THE colonies were, as before and afterwards, disunited; they hated to hand local forces over to joint control, and they nearly broke the heart of Washington, the very able Virginian who was already known as the best soldier in America. There were, too, many neutrals and some active loyalists, especially in the South, and the well-to-do colonists were not willing to serve in the ranks. Washington's whole force was at one time down to one man per thousand of the colonial population.

But the colonists were too numerous to be held down except by a very large force, and England's population was barely three times theirs-England, too, was six weeks away; the country was favourable to the colonial style of warfare (consisting largely of " sniping "), and there was no enthusiasm in England for the conflict; the Whigs were actively against it, from mixed motives; lastly, the British Government and forces were, on the whole, in the least competent hands that ever guided them.

What turned the scale was that England's enemies fell on her as soon as it was seen-at Saratoga in 1777-that the colonists could hold their own. Cornwallis carried on a campaign successfully in the southern and more loyal colonies. But France, Spain, and Holland came into the war against her, the Baltic powers formed an Armed Neutrality, and England lost control of the sea. Suffren, the great French admiral, kept Warren Hastings cut off in India, though Hastings and Coote were fully a match for the French there. Gibraltar was besieged for three years, and French control of the West Indian waters compelled Cornwallis's surrender at Yorktown in 1781. Rodney's great naval victory off The Saints (Dominique) in 1782 enabled England to make peace in 1783 with the loss of very little except the American colonies and the territory west of the Alleghanies. It was the lowest point in international credit to which Britain had fallen since Charles I.'s reign, but at any rate the French Canadians had remained loyal and had repulsed American invasions.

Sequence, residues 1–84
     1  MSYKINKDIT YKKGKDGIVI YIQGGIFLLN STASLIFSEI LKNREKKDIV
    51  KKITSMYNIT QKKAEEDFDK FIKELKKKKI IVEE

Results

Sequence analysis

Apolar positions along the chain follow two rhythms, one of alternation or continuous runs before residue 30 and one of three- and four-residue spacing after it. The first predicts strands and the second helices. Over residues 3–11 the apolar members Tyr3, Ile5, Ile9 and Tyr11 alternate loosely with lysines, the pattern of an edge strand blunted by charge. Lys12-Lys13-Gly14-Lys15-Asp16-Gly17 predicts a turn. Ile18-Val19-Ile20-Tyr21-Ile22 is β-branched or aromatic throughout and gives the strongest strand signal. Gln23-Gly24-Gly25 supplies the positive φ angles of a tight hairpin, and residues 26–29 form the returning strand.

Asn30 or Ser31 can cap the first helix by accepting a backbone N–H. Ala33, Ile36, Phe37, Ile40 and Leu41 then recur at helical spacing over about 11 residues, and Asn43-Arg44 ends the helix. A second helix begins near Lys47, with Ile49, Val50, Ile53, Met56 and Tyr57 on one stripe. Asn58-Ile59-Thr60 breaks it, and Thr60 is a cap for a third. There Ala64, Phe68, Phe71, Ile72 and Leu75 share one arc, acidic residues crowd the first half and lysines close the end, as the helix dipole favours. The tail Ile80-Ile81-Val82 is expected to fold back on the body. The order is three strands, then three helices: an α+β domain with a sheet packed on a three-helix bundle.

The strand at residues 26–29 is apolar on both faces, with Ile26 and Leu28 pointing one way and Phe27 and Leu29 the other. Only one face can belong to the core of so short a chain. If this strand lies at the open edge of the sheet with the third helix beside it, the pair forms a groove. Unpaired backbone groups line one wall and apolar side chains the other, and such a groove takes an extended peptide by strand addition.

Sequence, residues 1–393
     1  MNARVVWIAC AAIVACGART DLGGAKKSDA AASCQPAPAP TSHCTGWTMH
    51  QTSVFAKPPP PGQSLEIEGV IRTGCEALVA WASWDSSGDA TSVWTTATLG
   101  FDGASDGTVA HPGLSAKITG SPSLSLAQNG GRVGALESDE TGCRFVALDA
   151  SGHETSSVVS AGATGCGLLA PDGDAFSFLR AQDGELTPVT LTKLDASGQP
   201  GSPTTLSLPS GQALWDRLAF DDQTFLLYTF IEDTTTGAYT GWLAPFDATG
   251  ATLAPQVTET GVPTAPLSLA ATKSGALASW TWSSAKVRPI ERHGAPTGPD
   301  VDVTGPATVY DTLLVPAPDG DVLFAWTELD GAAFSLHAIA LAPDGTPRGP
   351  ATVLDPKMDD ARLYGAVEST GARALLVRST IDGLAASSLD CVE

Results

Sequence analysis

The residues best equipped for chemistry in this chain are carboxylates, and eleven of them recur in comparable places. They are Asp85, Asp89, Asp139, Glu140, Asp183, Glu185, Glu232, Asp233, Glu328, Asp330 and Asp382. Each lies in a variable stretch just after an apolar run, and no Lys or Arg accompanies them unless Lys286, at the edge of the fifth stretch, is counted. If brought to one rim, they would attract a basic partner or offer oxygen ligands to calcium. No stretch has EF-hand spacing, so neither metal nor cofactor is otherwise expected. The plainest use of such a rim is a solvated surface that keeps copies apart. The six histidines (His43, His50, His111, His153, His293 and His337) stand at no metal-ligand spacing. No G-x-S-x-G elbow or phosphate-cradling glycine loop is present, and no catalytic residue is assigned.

The war bankrupted France and Holland, and six years later the French Government had to call its creditors together in the famous States General of 1789. It had sent troops to America, including volunteers from the French nobility, who were impressed by the prosperity and equality of the American farmers, as contrasted with the state of the peasants in France. It seemed to them like the Golden Age of which Rousseau wrote, before kings and priests had corrupted man's natural happiness. The American Revolution was the link between the rebellion against Charles I. and the French Revolution; it was very widely copied in Europe and America during the next fifty years. :